Histopathology of affected areas in PHA, with or without clinical findings of a sclerotic process, shows homogenized dermal sclerosis, fat atrophy, decrease in adnexal structures, and perivascular plasma cells and lymphocytes [1,13,79] (Table 1). On the other hand, biopsy specimens in ECDS have been noted to show hyperpigmentation, alopecia, and cutaneous sclerosis. Atrophy of epidermis, dermis, adnexal structures and subcutaneous tissue has been seen in both PHA (with and without dermal sclerosis) and ECDS. More specific changes may be seen in biopsy specimens of patients with PHA including: sparse to exuberant lymphocytic infiltrates in the dermis, and degenerative changes of vascular endothelium have also been noted in some studies [1,2,13,17,78,80,81]. Hence, biopsies often may not be helpful in the diagnosis of these entities. Since skin biopsy is infrequently done in cases of PHA, photographical records should be maintained and followed throughout the duration of follow-up. As PHA slowly progresses until the disease plateaus, photographical evaluation is helpful in following the disease course. Additionally, if rapid changes in skin induration or overall clinical presentation are noted, a biopsy may be considered. Electroencephalogram (EEG) changes may be seen in patients who have a known seizure disorder and also in those who do not. EEG findings may or may not be associated with intracranial structural or imaging changes [7,30].

Laboratory work up of patients with PHA, as well as other types of localized scleroderma, tends to be largely unrevealing. A positive anti-nuclear antibody is the most common laboratory abnormality, with approximately 25-52% of patients having an elevated titer [17,22,23,78]. Serology for rheumatoid factor, anti-Scl-70, C-reactive protein (CRP), anti-dsDNA antibody, extractable nuclear antigen screening, genotyping for HLA-B27, and anti-cardiolipin antibodies are rarely abnormal and of limited value in PHA patients. Rheumatoid factor has been shown to be elevated in localized scleroderma with extracutaneous involvement and those with arthritis. However, it is currently unknown whether any PHA patients regularly demonstrate an elevated rheumatoid factor [22,23]. Peripheral eosinophilia and an elevated erythrocyte sedimentation rate have also been reported in association with localized scleroderma, but not with PHA [22,23].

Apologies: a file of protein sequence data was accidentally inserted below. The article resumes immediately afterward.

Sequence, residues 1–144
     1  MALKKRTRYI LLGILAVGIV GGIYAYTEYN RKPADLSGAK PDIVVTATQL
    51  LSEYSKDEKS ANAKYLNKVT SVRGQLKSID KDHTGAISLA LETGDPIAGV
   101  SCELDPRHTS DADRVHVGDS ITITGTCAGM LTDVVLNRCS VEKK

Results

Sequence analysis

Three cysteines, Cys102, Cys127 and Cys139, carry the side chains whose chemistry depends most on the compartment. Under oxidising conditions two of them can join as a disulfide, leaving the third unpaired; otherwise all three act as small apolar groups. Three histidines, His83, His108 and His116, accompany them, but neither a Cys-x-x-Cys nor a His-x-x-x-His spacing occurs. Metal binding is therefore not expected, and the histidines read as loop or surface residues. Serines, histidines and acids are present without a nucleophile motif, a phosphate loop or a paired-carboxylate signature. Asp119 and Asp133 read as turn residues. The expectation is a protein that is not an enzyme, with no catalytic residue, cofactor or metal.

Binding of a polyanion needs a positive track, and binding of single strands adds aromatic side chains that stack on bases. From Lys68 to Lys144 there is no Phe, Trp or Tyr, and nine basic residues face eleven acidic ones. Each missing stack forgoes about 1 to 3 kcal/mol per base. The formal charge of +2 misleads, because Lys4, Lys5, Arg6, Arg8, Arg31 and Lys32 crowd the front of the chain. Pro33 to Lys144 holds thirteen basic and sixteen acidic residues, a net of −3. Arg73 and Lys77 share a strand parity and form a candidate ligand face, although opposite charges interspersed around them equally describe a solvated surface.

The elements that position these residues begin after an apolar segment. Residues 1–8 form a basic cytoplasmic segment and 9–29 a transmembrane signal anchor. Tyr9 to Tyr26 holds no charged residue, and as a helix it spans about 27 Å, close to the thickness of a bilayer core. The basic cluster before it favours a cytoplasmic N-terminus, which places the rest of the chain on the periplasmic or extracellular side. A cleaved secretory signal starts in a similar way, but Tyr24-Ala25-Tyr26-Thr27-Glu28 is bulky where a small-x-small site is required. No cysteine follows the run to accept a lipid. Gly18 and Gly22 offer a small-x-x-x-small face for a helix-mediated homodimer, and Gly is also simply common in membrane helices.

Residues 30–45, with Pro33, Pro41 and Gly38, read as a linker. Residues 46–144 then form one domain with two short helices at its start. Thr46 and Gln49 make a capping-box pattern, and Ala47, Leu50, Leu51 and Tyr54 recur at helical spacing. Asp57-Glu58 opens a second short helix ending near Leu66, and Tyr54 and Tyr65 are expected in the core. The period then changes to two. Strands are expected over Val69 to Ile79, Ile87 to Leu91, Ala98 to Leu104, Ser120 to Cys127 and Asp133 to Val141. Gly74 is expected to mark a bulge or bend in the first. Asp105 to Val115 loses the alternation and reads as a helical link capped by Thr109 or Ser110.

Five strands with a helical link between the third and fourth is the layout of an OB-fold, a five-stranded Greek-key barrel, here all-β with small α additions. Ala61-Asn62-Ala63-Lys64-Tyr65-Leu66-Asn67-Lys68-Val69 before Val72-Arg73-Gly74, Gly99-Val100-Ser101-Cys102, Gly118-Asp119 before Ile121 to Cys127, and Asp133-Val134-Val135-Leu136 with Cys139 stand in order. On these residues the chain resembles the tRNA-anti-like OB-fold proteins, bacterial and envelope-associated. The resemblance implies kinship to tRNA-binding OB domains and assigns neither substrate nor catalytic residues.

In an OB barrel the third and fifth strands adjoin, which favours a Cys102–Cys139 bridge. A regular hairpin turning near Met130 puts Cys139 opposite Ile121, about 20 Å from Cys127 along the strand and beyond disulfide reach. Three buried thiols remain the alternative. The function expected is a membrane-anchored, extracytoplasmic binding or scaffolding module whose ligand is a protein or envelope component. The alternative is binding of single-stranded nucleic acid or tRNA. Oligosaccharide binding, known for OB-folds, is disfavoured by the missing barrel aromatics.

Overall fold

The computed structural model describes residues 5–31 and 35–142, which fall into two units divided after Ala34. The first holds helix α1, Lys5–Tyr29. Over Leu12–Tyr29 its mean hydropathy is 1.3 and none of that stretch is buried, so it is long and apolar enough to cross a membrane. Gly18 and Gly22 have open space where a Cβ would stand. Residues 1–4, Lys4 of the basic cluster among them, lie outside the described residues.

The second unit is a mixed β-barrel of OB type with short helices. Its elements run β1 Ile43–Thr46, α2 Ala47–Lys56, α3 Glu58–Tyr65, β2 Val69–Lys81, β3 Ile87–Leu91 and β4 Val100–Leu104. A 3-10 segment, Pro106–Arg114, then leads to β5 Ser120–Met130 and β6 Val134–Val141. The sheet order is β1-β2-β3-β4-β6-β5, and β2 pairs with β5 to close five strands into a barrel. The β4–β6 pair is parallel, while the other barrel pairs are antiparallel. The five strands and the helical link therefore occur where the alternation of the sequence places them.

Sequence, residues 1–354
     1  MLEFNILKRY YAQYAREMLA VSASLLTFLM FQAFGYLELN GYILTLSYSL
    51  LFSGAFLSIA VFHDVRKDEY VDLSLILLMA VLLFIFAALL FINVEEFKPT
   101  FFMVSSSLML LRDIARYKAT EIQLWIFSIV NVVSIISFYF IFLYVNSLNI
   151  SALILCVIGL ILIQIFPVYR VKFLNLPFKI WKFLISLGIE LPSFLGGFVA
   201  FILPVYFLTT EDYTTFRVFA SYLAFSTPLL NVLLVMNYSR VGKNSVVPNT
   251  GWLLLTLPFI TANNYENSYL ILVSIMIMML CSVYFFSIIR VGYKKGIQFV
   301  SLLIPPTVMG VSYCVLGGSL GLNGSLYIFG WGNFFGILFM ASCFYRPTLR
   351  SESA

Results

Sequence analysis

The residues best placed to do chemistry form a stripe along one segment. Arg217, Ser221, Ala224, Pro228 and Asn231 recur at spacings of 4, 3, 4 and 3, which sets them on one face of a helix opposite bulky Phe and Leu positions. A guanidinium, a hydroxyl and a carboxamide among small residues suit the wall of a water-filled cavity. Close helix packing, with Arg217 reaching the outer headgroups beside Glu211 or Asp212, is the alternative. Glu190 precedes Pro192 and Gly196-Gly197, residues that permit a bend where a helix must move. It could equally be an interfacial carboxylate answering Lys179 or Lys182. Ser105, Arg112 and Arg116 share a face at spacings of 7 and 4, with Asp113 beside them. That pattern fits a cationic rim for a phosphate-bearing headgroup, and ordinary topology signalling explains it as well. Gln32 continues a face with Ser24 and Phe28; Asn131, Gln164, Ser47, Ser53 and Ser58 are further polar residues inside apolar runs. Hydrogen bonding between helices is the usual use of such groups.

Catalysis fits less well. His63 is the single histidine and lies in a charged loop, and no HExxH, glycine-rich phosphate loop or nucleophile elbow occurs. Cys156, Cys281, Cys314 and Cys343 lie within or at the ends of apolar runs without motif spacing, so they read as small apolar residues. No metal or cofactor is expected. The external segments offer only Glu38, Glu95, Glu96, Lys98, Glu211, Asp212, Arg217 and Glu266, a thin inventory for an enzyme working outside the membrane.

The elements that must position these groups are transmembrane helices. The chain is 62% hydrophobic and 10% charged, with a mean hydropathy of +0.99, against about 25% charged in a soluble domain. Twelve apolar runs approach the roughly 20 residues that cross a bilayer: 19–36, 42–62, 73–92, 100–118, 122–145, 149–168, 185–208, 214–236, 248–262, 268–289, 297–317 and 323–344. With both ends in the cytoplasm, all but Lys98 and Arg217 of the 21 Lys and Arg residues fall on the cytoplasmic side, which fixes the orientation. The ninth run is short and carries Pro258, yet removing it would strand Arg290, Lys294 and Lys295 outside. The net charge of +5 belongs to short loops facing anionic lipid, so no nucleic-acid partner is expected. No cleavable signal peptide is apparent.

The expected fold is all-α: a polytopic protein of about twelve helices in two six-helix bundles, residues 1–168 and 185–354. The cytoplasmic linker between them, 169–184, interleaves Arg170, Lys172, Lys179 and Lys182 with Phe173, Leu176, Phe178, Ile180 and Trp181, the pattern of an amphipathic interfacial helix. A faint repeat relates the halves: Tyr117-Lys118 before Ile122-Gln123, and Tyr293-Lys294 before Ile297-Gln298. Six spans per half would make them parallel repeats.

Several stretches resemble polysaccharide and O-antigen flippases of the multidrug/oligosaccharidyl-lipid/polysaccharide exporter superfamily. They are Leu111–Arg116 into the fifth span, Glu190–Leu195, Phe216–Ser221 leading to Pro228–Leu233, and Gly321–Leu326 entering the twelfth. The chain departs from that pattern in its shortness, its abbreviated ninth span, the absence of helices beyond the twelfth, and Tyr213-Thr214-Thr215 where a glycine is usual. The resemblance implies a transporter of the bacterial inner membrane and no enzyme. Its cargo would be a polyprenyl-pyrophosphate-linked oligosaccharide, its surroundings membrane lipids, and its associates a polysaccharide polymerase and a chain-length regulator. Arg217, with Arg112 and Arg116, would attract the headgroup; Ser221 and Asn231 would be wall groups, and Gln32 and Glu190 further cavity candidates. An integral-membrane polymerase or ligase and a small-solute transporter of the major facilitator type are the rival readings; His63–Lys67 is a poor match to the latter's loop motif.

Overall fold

Ultrasound can be used to detect presence of sclerosis, monitor disease activity, and treatment progress by measuring dermal thickness and echogenicity of the affected areas. Color Doppler ultrasound has the added benefit of measuring dermal blood flow, an increase of which indicates active disease. In patients with PHA, assessment of the ipsilateral parotid gland and salivary glands may also reveal increased blood flow and a hypoechoic appearance, indicating inflammation of the glands and active disease [82-84].

Due to the frequency of neurologic complications in PHA, baseline imaging may be performed, particularly in those patients that have neurologic symptoms. Typical findings on MRI show hyperintense white matter lesions on T2-weighted sequences. These are most prominent ipsilaterally but are often seen bilateral despite lack of skin involvement on the contralateral side. (Figure 4a and b) These findings often do not progress despite progressive skin and skeletal involvement. Cerebral atrophy, encephalomalacia, and cystic degeneration have been seen on intracranial imaging of patients with PHA [37]. Computed tomography (CT) scanning may also be used, but is less useful for evaluation of brain parenchyma than MRI. Typically, calcifications and changes in density of white matter can be seen on CT [15,30,85].
Figure 4

MRI of Progressive Hemifacial Atrophy. a: Coronal view from MRI demonstrating left hemifacial atrophy of soft tissue and osseous structures. b: Axial view from MRI demonstrating left hemifacial atrophy of soft tissue and osseous structures.